When I set out to go wading for flounder, I knew it was an iffy call at best.
The summer flounder season had been a fair one, but now I was at the tail end of the warm water.
Each year, the flounder fishing wanes in late summer, but tends to pick up a bit as the water cools in November and December. Then you will not catch as many, but the ones that do hit are usually much larger than the 17- or 18-inch fish prevalent during the summer. Each winter, it is not unusual to land flounders over 20 inches long and some in the doormat sizes.
All that is fine, but now I was out in September and I knew I was pushing it. I began wading at the Tomoka State Park. As usual my bait of choice was a quarter-ounce white jig head threaded with a four-inch chartreuse plastic shrimp tail. I know I am stuck in my ways, but I firmly believe if I can get that lure near a hungry fish, it will be eaten.
On this morning, I guess I was not able to get it near very many hungry fish. After a lot of casting, a small, 14-inch red drum hit and was guided to a sandy beach for release. An osprey fish hawk atop a tall pine tree showed a lot of interest in the red until it made a flip and headed for deep water.
While wading near shore, I had to hop scotch a sleeping sting ray. Not a big one, but enough to put a nasty wound on my flip-flop shod foot. For about a half mile, I stayed within 10 feet of shore, but with that not working, I bit the bullet and began to wade into the depths.
In water over my waist my movement was labored and slower. A passing dolphin came over to check me out. When fishing is slow, those smart guys will follow a wader to see if anything gets spooked up from the bottom. Nothing on this day and the dolphin became bored and moved on.
Casting as far out into the deeper water as I could yielded a small sea trout. I watched the pretty fish swim around my legs until the hook pulled free. No matter, that fish was not nearly a keeper.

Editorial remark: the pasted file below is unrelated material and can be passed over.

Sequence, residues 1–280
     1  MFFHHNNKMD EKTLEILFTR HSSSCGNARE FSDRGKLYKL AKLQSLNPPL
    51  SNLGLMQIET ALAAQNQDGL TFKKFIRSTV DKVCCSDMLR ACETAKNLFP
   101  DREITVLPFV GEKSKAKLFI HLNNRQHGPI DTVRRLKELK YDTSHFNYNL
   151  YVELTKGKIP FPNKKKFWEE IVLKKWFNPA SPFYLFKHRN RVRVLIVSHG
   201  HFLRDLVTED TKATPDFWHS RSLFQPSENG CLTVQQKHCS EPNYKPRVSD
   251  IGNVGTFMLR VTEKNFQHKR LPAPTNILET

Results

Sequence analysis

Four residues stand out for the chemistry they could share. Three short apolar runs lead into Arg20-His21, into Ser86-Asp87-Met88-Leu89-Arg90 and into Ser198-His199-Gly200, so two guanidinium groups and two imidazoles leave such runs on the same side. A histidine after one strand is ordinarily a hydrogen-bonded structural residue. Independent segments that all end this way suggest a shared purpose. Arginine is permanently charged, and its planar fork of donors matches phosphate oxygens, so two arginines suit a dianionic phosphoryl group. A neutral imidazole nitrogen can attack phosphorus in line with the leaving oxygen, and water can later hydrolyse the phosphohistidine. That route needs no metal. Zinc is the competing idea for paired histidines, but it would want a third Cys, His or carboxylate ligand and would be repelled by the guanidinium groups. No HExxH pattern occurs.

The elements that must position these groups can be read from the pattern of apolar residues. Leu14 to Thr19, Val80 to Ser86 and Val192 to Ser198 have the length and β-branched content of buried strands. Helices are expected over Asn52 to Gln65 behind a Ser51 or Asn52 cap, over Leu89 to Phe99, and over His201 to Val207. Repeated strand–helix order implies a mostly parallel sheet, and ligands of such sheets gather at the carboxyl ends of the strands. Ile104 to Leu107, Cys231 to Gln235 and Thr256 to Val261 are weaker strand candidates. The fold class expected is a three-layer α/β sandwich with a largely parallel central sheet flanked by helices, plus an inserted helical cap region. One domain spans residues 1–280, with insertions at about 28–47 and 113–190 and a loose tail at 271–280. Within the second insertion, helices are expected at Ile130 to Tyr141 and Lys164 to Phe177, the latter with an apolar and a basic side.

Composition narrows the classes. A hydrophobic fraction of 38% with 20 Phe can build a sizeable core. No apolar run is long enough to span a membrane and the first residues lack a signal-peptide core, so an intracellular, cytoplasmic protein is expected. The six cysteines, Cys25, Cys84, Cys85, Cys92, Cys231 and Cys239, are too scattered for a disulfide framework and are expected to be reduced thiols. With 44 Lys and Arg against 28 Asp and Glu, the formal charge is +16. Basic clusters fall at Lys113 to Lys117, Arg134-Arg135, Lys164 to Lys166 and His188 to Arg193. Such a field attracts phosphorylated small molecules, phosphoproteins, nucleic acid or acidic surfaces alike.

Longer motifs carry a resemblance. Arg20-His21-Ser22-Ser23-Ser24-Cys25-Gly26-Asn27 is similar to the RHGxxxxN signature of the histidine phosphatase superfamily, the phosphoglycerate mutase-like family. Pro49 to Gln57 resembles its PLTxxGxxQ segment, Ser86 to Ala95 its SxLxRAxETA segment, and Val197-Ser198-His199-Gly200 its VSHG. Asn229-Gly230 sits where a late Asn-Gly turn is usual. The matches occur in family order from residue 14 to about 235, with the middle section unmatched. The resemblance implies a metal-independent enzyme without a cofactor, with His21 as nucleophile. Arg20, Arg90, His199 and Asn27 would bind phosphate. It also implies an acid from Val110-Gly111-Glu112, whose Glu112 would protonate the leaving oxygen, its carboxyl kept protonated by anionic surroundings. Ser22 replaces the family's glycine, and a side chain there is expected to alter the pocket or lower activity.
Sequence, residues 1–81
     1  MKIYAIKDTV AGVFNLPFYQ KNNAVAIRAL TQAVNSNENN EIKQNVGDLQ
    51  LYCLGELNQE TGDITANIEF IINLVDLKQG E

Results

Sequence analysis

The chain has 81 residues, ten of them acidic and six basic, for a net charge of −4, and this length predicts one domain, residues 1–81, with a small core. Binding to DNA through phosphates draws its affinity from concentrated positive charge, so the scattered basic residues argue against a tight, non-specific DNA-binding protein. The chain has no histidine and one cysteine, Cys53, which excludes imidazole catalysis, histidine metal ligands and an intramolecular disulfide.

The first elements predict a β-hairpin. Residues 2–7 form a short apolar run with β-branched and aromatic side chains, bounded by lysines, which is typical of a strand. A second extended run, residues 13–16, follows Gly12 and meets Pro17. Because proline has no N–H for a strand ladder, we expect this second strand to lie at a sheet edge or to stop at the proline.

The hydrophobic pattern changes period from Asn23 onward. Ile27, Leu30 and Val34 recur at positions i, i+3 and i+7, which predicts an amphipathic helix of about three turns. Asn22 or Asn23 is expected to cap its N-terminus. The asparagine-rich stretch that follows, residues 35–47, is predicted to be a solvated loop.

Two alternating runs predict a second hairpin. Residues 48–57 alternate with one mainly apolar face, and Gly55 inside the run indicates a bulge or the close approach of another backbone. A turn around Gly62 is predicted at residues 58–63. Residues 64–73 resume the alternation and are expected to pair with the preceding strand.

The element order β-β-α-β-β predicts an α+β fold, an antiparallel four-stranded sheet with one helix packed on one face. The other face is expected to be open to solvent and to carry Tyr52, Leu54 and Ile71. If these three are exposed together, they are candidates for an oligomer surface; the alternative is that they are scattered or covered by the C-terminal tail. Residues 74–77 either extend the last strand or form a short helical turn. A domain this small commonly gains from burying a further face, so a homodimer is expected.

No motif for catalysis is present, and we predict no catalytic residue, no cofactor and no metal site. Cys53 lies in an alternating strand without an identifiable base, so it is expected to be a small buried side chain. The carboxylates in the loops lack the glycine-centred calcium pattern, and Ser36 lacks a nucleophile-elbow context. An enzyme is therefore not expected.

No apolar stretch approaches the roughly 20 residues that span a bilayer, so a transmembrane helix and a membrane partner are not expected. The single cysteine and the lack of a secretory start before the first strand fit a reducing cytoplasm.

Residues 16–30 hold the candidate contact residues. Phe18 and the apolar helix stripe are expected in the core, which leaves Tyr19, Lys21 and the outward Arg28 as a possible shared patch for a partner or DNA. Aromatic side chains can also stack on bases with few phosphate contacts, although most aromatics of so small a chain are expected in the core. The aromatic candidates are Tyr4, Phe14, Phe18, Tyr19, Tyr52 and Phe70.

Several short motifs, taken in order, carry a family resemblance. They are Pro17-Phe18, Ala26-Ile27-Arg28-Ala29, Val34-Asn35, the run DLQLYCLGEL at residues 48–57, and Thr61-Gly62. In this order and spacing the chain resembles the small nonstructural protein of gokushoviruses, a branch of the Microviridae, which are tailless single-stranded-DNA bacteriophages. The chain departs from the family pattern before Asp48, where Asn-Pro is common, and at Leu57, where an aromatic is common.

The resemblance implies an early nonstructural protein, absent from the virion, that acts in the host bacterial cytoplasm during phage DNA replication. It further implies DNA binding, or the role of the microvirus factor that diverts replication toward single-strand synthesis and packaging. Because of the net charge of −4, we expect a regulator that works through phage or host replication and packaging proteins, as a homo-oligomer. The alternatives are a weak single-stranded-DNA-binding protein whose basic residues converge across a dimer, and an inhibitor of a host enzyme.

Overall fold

A bit farther on, I saw a 20-to 30-pound tarpon roll up on the surface. That sent me to my tackle bag to tie on a blue and white MirrOlure top water plug. The tarpon had no trouble ignoring that.
Just then an early morning rain shower began to fall. The sun was getting high and hot and the rain felt nice. On the way back to the truck, another small trout took a few slaps at the top water lure, but I managed to keep it away from him. There was no hook up.
Once in the truck I was happy to sit for a few minutes in front of the A/C vent and ponder the morning. I had seen a few flounder foot prints on the bottom, but those may have been victim to the gig fishermen. My trip had been about as poor as I had expected, but I knew I would be back once the water cooled. As I said, the late season flounders are not plentiful, but at that size you only need a couple.
Dan Smith has fished the waters of Volusia County for more than 40 years. Email questions and comments to firstname.lastname@example.org. His book, “I Swear the Snook Drowned,” is available for purchase for $10.95 at (386) 441-7793.